The numbers on this floor plan alone are dizzying.

With juniors, sophomores, and freshmen picking their housing for next year, there are a lot of conversations about which room configuration will allow for the maximum space and optimal sleeping arrangement. This involves a lot of high level mathematic skills, or at least some mathematical skills, and we believe the housing lottery should count towards the Empirical and Mathematical Reasoning Gen Ed Requirement.

Coordinating a time to talk with your group

If you want to live with a large number of people or sort out your blocking groups living situation, you all need to sit down and talk about how to conquer the housing lottery. However, in the busy time of midterm season and leading up to reading period, figuring out a time and place for everyone to congregate for this talk requires many organizational and mathematical skills. This may be extra difficult if you also need to explain why a certain person may not fit into the rooming situation for next year.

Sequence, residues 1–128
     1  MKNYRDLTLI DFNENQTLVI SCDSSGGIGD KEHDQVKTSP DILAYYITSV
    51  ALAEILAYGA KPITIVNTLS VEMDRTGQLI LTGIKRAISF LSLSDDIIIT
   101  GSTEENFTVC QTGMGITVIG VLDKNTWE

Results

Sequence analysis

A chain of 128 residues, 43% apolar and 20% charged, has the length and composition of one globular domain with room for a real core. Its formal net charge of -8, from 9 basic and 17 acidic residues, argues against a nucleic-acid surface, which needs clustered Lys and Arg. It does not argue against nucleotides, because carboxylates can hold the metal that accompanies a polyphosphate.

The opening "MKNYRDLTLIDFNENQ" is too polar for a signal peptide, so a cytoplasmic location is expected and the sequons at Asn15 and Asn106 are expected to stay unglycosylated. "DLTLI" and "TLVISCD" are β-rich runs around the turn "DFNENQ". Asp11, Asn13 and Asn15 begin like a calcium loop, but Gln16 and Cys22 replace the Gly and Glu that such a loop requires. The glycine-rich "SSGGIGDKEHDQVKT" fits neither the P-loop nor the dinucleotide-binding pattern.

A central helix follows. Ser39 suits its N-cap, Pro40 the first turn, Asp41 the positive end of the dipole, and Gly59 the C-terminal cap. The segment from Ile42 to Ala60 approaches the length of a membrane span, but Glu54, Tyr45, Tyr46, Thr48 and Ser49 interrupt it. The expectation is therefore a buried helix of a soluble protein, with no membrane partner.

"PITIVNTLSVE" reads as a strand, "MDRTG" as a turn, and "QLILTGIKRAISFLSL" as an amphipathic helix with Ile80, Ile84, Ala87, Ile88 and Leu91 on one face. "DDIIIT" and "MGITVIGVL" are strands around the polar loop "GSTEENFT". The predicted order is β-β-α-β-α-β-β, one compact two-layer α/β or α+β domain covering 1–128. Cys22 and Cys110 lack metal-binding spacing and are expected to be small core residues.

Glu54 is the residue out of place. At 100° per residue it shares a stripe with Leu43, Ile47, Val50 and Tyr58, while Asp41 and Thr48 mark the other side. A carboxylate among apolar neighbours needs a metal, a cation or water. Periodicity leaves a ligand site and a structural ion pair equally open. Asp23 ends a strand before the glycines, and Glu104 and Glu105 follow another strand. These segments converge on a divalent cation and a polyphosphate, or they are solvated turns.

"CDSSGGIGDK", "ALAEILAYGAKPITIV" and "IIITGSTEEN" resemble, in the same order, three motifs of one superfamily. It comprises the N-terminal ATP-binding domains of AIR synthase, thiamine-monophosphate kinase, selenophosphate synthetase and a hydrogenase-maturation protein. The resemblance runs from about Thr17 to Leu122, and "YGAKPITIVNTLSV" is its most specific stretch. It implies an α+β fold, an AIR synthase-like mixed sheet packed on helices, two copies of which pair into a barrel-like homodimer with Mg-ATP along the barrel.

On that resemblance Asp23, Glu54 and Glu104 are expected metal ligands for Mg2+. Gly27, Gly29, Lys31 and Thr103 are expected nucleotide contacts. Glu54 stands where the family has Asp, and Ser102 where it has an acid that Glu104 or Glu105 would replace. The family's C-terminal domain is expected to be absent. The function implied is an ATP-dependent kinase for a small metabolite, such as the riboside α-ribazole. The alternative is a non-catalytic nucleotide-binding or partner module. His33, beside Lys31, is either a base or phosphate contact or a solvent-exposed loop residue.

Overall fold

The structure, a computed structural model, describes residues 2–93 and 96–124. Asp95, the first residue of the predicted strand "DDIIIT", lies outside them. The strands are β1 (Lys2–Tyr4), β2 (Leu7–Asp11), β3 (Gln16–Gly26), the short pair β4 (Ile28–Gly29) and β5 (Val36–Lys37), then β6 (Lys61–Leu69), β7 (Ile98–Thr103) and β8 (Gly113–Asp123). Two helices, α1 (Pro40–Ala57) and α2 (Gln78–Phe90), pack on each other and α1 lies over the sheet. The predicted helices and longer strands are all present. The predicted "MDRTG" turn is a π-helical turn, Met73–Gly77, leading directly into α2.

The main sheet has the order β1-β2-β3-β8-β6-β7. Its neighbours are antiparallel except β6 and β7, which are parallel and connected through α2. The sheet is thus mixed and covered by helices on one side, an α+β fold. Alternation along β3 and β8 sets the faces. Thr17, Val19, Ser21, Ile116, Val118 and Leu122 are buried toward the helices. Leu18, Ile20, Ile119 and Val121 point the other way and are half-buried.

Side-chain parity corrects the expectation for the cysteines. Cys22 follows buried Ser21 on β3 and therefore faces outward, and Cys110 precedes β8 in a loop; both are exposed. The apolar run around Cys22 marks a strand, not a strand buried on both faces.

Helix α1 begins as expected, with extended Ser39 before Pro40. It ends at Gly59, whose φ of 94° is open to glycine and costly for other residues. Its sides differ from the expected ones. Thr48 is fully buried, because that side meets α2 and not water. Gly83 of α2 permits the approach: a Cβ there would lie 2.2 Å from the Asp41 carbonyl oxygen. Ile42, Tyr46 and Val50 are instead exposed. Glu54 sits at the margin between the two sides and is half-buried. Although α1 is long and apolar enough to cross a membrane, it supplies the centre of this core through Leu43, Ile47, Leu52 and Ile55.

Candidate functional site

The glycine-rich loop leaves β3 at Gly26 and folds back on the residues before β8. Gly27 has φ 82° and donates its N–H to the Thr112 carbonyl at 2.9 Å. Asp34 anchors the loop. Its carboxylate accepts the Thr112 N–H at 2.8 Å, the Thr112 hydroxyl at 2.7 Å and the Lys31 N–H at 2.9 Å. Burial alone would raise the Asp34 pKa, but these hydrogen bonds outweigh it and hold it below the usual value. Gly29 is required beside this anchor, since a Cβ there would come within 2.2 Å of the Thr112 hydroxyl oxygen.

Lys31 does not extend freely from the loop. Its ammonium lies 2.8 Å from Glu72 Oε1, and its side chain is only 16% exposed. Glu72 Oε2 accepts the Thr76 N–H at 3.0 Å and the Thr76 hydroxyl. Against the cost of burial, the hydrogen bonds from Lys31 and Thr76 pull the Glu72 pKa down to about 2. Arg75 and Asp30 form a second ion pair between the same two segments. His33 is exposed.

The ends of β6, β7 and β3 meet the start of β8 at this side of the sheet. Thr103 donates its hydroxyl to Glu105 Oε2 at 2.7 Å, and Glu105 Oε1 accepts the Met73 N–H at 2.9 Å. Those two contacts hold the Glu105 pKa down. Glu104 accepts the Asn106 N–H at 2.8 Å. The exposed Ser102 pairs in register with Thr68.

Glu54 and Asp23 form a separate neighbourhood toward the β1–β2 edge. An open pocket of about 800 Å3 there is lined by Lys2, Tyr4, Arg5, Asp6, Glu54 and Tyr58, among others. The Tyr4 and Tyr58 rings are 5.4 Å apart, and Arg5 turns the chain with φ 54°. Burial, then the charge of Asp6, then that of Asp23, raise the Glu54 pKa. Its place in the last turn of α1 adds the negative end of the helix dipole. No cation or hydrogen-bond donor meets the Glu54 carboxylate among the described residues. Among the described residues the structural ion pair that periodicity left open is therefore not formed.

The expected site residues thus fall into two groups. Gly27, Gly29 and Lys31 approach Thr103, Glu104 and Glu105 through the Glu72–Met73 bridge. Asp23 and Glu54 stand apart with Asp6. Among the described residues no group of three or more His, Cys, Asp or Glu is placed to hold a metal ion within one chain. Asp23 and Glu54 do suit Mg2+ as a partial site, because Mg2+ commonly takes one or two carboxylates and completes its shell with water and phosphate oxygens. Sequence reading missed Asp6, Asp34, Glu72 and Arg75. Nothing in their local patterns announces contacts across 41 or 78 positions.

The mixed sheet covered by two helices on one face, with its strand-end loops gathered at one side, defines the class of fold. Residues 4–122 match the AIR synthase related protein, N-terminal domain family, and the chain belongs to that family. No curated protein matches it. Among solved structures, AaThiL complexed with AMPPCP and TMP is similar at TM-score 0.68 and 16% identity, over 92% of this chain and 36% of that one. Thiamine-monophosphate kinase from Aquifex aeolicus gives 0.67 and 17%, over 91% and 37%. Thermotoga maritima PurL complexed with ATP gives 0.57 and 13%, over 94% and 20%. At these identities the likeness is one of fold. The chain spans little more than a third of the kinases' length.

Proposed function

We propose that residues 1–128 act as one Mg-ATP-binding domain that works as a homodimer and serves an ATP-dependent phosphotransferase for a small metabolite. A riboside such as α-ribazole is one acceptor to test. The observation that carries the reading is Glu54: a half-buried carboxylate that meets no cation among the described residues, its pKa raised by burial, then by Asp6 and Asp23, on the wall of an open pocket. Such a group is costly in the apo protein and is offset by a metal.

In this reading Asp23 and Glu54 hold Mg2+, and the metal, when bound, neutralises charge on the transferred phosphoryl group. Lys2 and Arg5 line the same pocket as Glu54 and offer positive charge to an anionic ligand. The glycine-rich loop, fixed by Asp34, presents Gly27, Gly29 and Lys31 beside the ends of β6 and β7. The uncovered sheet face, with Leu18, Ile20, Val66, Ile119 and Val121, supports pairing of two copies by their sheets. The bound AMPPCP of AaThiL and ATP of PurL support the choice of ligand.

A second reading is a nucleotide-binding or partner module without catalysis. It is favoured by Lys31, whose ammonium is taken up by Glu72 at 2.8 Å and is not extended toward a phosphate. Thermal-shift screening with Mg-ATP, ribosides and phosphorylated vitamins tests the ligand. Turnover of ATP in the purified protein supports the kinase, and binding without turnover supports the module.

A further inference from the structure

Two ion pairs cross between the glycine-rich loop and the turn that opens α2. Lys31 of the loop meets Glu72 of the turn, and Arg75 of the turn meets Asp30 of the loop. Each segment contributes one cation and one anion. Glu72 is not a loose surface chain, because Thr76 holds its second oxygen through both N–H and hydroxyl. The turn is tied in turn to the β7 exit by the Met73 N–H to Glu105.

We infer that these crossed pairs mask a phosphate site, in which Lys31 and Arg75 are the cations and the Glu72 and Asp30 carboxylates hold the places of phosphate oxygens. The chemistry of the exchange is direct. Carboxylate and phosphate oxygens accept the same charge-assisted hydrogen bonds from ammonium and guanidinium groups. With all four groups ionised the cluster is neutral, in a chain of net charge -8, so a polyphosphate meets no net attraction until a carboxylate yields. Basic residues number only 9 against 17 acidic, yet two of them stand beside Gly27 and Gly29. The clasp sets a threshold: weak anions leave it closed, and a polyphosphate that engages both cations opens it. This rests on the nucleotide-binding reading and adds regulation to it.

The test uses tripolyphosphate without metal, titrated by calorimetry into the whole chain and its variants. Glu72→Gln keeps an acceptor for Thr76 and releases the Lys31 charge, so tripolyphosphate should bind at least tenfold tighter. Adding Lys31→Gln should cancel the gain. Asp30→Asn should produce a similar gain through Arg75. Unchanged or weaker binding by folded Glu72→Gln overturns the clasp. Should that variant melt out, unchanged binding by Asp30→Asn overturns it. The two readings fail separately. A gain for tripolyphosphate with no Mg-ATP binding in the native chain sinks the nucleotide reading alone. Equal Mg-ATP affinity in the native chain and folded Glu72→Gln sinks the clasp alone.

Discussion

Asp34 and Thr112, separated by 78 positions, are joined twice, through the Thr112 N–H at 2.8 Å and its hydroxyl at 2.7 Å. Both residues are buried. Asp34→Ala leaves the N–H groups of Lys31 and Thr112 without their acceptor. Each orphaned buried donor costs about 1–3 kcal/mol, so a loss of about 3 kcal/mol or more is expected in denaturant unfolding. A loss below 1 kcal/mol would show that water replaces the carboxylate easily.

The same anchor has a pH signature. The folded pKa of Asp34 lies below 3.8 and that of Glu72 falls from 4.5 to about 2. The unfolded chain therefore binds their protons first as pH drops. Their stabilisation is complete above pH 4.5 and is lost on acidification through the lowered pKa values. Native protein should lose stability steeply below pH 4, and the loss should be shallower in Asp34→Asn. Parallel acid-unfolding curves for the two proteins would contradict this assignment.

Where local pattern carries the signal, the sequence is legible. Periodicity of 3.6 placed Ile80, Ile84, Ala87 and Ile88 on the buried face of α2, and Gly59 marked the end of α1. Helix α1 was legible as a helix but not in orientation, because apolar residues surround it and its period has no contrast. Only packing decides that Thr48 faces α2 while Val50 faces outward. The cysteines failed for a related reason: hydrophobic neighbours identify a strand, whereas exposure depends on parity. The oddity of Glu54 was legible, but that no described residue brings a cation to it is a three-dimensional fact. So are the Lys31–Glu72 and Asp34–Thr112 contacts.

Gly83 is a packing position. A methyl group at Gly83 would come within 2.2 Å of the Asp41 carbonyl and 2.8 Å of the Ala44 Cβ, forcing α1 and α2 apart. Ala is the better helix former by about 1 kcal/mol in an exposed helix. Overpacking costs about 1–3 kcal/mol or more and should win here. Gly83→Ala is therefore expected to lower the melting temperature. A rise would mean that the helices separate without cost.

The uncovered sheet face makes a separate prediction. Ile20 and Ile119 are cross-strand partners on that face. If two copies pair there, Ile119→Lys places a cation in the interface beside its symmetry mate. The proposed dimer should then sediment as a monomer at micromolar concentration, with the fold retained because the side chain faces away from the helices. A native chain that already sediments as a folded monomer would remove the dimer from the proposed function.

Interpreting the meaning of "n-1"

So you have five people in your group and the housing you have is n -1. So how many doubles even is that? Once you’ve figured out that complicated math (Answer: two if you want a common room, one if you don’t), you then have to make a rotation schedule and figure out how to evenly split time in the coveted singles. If that doesn’t count as mathematical reasoning, what does?

Optimizing group size for square footage

Another mathematical challenge to the housing lottery is figuring out how many people in your housing group gives you the best chance at success in the housing lottery. If there are nine quads and eight quints left, more people are housed in quints but more groups get quads, so what is the right way to split? You not only have to take into account which housing is better, but also game theory (how other people will act given your actions).

With all of this math knowledge and reasoning going on, non-STEM majors should be allowed to count participation in a Housing Lottery as their EMR Gen Ed. Besides, with Hebrew Bible losing its Gen Ed status (RIP), what better way to include another low-workload gem into the Gen Ed system?